Supreme Court Sidesteps Partisan Gerrymandering Cases
The U.S. Supreme Court declined on Monday to use high-profile cases to curb the ability of state lawmakers to draw electoral districts purely for partisan advantage. The Court sidestepped two major cases concerning partisan gerrymandering. The controversial district maps will keep on standing and will be used in this fall’s midterm elections.
A more definitive ruling is expected in October to limit the practice known as partisan gerrymandering.
Earlier a lower court ruling said that the electoral district map had deprived Democratic voters of their constitutional rights saying it is against equal protection under the law.
Chief Justice John Robert authored a ruling saying that the Democrats challenged the electoral map statewide rather than focusing on individual districts which deprived the claim of the necessary legal standing.
The election reformers in both parties had hoped that the justices would outlaw the intensified use of partisan gerrymandering, which is a practice intended to establish a political advantage for a particular party or group by manipulating district boundaries. The action was against the practice in which the party that controls a state legislature actually redraws the electoral districts after the U.S. census every decade with the aim of having a grip on power. Democrats claim the legislature dilutes the influence of voters who tend to support the rival party.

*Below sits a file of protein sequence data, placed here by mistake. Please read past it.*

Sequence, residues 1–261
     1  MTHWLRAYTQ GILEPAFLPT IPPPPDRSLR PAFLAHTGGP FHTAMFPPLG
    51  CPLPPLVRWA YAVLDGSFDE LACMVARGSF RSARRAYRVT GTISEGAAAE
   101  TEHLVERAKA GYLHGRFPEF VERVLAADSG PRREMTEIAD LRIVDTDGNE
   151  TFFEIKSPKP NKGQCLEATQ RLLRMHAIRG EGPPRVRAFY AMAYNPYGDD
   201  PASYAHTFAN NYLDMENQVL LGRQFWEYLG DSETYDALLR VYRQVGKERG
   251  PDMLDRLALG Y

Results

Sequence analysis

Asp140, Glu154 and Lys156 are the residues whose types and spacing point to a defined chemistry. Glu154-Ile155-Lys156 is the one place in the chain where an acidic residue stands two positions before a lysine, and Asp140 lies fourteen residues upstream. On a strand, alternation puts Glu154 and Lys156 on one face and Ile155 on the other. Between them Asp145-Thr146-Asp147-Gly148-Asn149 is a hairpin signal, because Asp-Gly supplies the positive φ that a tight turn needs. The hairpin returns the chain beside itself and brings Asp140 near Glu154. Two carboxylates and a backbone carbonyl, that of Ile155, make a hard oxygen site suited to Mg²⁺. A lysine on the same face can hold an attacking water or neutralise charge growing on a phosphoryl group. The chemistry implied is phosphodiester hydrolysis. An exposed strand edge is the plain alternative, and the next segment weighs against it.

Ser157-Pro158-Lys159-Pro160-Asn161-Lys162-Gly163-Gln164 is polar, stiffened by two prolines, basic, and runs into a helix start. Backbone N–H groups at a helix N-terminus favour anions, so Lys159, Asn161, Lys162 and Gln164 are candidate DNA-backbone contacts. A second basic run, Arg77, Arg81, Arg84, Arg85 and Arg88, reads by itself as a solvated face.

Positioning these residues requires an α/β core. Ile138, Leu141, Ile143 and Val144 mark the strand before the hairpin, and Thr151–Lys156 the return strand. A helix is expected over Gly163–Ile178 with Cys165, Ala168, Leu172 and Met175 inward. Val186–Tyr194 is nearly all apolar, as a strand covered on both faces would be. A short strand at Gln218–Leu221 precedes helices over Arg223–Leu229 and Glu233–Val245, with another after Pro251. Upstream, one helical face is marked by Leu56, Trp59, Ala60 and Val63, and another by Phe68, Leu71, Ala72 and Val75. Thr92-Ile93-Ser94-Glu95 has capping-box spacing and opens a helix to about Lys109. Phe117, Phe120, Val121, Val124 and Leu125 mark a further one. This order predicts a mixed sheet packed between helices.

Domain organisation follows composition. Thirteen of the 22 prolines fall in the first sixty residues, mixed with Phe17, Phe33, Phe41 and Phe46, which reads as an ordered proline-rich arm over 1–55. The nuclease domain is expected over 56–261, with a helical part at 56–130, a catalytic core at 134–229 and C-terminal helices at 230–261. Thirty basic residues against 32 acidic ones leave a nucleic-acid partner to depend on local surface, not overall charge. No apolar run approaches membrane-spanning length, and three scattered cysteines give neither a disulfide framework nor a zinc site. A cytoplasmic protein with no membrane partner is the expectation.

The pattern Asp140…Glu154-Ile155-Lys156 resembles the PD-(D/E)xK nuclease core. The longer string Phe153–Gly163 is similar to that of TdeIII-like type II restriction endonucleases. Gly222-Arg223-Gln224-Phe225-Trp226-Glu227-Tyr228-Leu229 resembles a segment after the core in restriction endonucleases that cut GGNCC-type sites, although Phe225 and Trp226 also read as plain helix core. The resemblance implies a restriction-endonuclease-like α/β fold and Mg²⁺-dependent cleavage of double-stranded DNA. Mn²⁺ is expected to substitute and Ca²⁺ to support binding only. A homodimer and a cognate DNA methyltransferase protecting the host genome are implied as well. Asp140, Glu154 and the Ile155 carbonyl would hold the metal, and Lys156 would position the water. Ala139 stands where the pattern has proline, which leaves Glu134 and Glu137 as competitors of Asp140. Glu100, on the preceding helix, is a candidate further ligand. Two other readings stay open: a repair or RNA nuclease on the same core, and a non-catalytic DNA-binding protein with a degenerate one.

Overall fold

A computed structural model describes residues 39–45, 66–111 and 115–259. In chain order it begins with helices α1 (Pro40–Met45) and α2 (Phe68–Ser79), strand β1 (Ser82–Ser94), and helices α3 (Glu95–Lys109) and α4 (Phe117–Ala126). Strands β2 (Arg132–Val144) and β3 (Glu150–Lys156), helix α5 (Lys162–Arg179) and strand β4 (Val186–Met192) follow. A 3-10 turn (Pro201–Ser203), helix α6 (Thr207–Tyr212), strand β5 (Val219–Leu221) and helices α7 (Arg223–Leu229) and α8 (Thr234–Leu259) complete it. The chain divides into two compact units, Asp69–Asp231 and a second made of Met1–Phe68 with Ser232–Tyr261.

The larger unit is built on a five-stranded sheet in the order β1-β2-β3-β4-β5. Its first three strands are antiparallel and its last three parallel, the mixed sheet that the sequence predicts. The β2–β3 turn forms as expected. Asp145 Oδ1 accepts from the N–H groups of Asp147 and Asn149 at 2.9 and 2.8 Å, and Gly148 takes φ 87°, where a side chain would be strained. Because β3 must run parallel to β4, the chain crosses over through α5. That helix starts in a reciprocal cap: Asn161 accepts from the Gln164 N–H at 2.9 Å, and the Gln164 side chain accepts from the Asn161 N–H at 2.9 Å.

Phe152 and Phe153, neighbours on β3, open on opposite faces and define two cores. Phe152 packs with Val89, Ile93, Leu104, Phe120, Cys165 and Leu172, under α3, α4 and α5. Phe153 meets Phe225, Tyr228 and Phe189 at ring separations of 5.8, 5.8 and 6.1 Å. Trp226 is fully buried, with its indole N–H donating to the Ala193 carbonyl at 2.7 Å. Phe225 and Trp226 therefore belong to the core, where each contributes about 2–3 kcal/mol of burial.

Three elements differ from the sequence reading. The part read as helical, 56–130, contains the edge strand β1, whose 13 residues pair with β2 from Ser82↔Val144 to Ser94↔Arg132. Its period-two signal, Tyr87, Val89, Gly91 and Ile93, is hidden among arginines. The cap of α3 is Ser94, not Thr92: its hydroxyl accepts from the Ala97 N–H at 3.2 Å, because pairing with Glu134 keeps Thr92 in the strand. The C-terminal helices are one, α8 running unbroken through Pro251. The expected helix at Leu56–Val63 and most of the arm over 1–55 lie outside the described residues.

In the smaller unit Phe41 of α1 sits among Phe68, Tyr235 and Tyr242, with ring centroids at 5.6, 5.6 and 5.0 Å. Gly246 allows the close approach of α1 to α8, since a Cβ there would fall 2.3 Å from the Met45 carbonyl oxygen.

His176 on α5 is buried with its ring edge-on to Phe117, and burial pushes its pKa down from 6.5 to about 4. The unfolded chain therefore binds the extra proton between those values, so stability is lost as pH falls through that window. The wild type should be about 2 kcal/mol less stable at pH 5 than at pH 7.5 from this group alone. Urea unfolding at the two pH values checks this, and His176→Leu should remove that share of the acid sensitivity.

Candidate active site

“The Supreme Court missed an opportunity today to lay down a firm marker as to when partisan gerrymandering is so extreme that it violates the constitutional rights of voters. But the court permitted lawsuits against unfair maps to continue,” Said Dale Ho, a lawyer with the American Civil Liberties Union.
The 9-0 ruling in a Wisconsin case was a blow to Democrats who argue that the Republican-drawn maps prevent fair and effective representation saying it dilutes voters’ influence and penalizes voters based on their political beliefs.
Nicholas Stephanopoulos, a lawyer for the plaintiffs, said most likely other Wisconsin districts will continue the case.
“I see today’s decision as a punt and as a complication for future litigants, but very far from a devastating defeat,” he said.
The Republicans, on the other hand, welcome the decision saying it is a “win for the rule of law in Wisconsin.”